Female Genital Mutilation is classified as a form of Child Abuse in the UK. It therefore makes the procedure of it a serious Child Protection issue.
It is illegal for anyone to perform FGM in the UK or to arrange for a child to be transported to another country for the procedure. The maximum sentence for carrying out FGM or helping it to take place is 14 years in prison.
There is lots of information and support available online for parents/carers concerned about this subject or if you know someone who is at risk:
Contact the Police if you think that a girl or young woman is in danger of FGM and is still in the UK.
Contact the Foreign and Commonwealth Office (020 7008 1500) if she’s already been taken abroad.
The Daughters of Eve website helps to raise awareness of this issue and sign-posts those affected by it to supportive services:
The NSPCC has detailed advice on how to spot the signs, symptoms and effects of FGM and provides support for people who are concerned about a child or who have been affected themselves:
The NSPCC offers a free and anonymous FGM 24 hour helpline. Call; 0800 028 3550 or firstname.lastname@example.org
Reporting a Concern of Abuse or Neglect
If you have concerns that a child you know is at risk of serious harm through Abuse or Neglect it is important that you report your worries to the correct agency.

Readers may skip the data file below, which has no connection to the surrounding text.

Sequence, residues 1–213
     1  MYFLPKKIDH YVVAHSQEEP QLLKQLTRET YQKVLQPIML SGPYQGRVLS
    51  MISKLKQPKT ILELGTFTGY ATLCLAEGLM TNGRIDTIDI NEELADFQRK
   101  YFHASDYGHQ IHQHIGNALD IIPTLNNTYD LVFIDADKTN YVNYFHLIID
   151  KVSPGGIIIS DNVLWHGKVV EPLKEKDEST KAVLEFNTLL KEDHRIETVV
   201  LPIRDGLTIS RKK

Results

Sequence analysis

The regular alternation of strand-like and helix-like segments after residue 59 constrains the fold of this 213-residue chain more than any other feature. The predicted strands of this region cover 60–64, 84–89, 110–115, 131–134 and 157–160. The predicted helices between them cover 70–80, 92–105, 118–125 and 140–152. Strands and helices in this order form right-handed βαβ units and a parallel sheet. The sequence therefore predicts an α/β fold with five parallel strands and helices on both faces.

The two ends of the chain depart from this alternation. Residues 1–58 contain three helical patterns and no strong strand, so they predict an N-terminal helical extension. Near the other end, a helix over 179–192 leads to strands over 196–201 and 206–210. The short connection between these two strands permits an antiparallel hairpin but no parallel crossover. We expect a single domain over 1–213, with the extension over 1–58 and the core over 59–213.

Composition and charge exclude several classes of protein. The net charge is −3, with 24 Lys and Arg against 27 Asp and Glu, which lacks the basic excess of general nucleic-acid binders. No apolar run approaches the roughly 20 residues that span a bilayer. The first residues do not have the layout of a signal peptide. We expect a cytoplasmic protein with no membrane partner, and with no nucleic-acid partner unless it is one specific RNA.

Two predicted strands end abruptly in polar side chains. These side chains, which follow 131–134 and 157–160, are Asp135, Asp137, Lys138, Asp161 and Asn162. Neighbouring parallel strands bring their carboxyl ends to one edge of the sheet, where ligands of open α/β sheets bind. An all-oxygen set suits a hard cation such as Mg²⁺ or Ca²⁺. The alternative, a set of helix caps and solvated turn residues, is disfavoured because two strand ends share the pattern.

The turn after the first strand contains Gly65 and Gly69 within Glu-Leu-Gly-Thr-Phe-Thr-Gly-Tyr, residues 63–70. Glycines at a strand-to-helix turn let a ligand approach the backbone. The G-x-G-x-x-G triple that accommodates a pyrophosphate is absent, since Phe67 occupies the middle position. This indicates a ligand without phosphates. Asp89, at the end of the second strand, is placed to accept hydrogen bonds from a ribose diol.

The link below will direct you to Merton Safeguarding Children’s Board (MSCB).
You can also report you concerns to the NSPCC who will offer you support and advice if you are feeling worried about a child’s safety:
St Mark’s Primary School is fully committed to safeguarding and promoting the welfare of all its pupils. Every member of staff recognises that safeguarding against radicalisation and extremism is no different to safeguarding against any other vulnerability in today’s society.
As part of our safeguarding ethos we encourage pupils to respect the fundamental British values of democracy, the rule of law, individual liberty and mutual respect, and tolerance of those with different faiths and beliefs. At our school we are committed to contributing to community cohesion and reducing the likelihood that our children may become radicalised.
More information and advice can be found by following the link below:
If you have concerns over a child being radicalised, please call the police on 101 or the Anti-Terrorist Hotline on 0800 789 321. Remember, in an emergency, always dial 999.
If you are worried about a child being radicalised, please click link below for guidance and support
There are many different views about physical chastisement, but it is widely accepted that hurting children is not the best way to teach them right from wrong – nor are methods that involve humiliating or threatening children, shouting at them, or destroying their confidence. Physically chastising a child in a way which leaves visible bruising, grazes, scratches, minor swellings or cuts, now constitutes the criminal offence of actual bodily harm. This can carry a sentence of five years in prison.